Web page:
Articles by Kevin Brandt in JoVE
Saliva, Salivary Gland, and Hemolymph Collection from Ixodes scapularis Ticks Toni G. Patton1, Gabrielle Dietrich2, Kevin Brandt1, Marc C. Dolan2, Joseph Piesman2, Robert D. Gilmore Jr.1 1Microbiology and Pathogenesis Activity, Bacterial Diseases Branch, Division of Vector-Borne Diseases, National Center for Emerging and Zoonotic Infectious Diseases, Centers for Disease Control and Prevention, 2Tick-Borne Diseases Activity, Bacterial Diseases Branch, Division of Vector-Borne Diseases, National Center for Emerging and Zoonotic Infectious Diseases, Centers for Disease Control and Prevention The collection of infected tick hemolymph, salivary glands, and saliva is important to study how tick-borne pathogens cause disease. In this protocol we demonstrate how to collect hemolymph and salivary glands from feeding Ixodes scapularis nymphs. We also demonstrate saliva collection from female I. scapularis adults.
Other articles by Kevin Brandt on PubMed
Cloning, Partial Purification and in Vivo Developmental Profile of Expression of the Juvenile Hormone Epoxide Hydrolase of Ctenocephalides Felis Archives of Insect Biochemistry and Physiology. Aug, 2002 | Pubmed ID: 12125060 cDNAs encoding two different epoxide hydrolases (nCfEH1 and nCfEH2) were cloned from a cDNA library prepared from the wandering larval stage of the cat flea, Ctenocephalides felis. Predicted translations of the open reading frames indicated the clones encoded proteins of 464 (CfEH1) and 465 (CfEH2) amino acids. These proteins have a predicted molecular weight of 53 kDa and a putative 22 amino acid N-terminal hydrophobic membrane anchor. The amino acid sequences are 77% identical, and both are homologous to previously isolated epoxide hydrolases from Manduca sexta, Trichoplusia ni, and Rattus norvegicus. Purification of native juvenile hormone epoxide hydrolase (JHEH) from unfed adult cat fleas generated a partially pure protein that hydrolyzed juvenile hormone III to juvenile hormone III-diol. The amino terminal sequence of this;50-kDa protein is identical to the deduced amino terminus of the protein encoded by the nCfEH1 clone. Affinity-purified rabbit polyclonal antibodies raised against Escherichia coli-expressed HisCfEH1 recognized a approximately 50-kDa protein present in the partially purified fraction containing JHEH activity. Immunohistochemistry experiments using the same affinity-purified rabbit polyclonal antibodies localized the epoxide hydrolase in developing oocytes, fat body, and midgut epithelium of the adult flea. The presence of JHEH in various flea life stages and tissues was assessed by Northern blot and enzymatic activity assays. JHEH mRNA expression remained relatively constant throughout the different flea larval stages and was slightly elevated in the unfed adult flea. JHEH enzymatic activity was highest in the late larval, pupal, and adult stages. In all stages and tissues examined, JHEH activity was significantly lower than juvenile hormone esterase (JHE) activity, the other enzyme responsible for JH catalysis.
Evaluation of a Recombinant Salivary Gland Protein (thrombostasin) As a Vaccine Candidate to Disrupt Blood-feeding by Horn Flies Vaccine. Jun, 2004 | Pubmed ID: 15149788 The potential for controlling blood-feeding by the cattle pest, Haematobia irritans irritans (horn fly), was tested by vaccination against thrombostasin (TS), an inhibitor of mammalian thrombin that is released into skin during horn fly blood-feeding. The increase in blood meal size that occurred for flies feeding on sensitized non-vaccinated hosts was blocked and egg development in female flies was delayed when horn flies fed on rabbits and cattle immunized with recombinant TS. This demonstration of the impact of disrupting TS action by vaccination provides a novel approach toward control of this veterinary pest and offers a paradigm for limiting blood-feeding in other medically-important insect species.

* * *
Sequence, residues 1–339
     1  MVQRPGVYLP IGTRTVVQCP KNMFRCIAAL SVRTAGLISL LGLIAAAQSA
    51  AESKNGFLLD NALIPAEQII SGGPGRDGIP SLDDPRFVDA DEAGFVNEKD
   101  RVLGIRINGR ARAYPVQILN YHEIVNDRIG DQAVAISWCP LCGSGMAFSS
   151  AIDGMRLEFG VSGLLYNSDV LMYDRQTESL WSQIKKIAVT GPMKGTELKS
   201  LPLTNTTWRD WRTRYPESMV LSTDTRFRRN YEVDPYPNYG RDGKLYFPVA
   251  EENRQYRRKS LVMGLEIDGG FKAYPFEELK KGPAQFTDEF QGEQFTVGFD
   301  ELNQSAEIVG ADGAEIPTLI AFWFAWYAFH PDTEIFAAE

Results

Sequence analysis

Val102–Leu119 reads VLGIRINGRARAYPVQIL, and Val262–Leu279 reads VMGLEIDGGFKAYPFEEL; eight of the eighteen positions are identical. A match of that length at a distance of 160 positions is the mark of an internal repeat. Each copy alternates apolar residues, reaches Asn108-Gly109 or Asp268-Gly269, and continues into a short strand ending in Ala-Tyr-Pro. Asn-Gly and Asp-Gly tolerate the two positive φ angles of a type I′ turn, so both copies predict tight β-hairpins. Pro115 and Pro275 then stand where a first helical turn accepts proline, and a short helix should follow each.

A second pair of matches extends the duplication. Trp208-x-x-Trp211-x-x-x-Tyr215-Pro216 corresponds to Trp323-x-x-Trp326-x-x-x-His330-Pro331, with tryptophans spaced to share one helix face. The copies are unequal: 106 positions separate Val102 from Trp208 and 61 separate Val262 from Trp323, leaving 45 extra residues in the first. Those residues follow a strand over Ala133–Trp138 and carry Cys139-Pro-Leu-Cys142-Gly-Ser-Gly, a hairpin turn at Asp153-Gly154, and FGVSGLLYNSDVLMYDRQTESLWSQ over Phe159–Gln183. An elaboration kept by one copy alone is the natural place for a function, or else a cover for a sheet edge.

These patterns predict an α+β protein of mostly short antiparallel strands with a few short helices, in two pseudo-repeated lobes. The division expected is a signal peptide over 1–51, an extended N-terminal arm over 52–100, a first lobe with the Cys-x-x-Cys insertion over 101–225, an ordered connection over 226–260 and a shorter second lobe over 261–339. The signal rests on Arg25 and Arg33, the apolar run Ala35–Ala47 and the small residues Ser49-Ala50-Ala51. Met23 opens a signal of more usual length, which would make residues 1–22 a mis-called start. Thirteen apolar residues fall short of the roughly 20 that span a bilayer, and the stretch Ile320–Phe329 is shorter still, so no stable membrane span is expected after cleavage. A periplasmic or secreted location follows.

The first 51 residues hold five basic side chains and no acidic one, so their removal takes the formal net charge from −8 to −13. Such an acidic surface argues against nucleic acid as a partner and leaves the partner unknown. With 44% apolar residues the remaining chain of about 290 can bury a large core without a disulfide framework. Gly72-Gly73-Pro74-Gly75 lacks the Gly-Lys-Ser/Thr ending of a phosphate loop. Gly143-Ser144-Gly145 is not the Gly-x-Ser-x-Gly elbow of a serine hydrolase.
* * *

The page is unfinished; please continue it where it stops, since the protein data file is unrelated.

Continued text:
Comparison of Disseminated and Nondisseminated Strains of Borrelia Burgdorferi Sensu Stricto in Mice Naturally Infected by Tick Bite Infection and Immunity. Sep, 2004 | Pubmed ID: 15322021 Clinical isolates of Borrelia burgdorferi sensu stricto have been categorized into disseminated and nondisseminated groups based on distinct ribosomal spacer restriction fragment length polymorphism genotypes (RSTs). In order to determine whether transmission by tick bite would alter the dissemination dynamics and disease produced by distinct genotypes, disseminated isolates (RST1), nondisseminated isolates (RST3), and a standard laboratory strain (B-31) were established in a murine cycle utilizing infections transmitted by ticks. B-31 spirochetes circulated in the blood of inbred C3H/HeJ mice longer than in the blood of outbred mice. The majority of C3H mice exposed to RST1-infected ticks contained cultivable spirochetes in their blood for up to 17 days; in contrast, mice exposed to RST3 isolates demonstrated a precipitous decline in infection after day 7 postexposure. A quantitative PCR (q-PCR) assay demonstrated that the densities of spirochetes in blood were similar for the RST1 and RST3 isolates, except during the 2nd week postexposure, when the RST1 isolates displayed a markedly higher density in blood. Spirochete load in the heart and bladder of infected mice was measured by q-PCR at 8 weeks postexposure; the numbers of spirochetes in these tissues were similar for mice infected with either disseminated or nondisseminated strains. Similarly, histopathology samples of heart, bladder, and joint tissue obtained at 8 weeks postexposure did not reveal greater pathology in mice infected with the disseminated isolates. We conclude that although the spirochetemia induced by tick-transmitted disseminated isolates was more intense and of longer duration than that induced by nondisseminated isolates, the resultant pathologies produced by these strains were ultimately similar.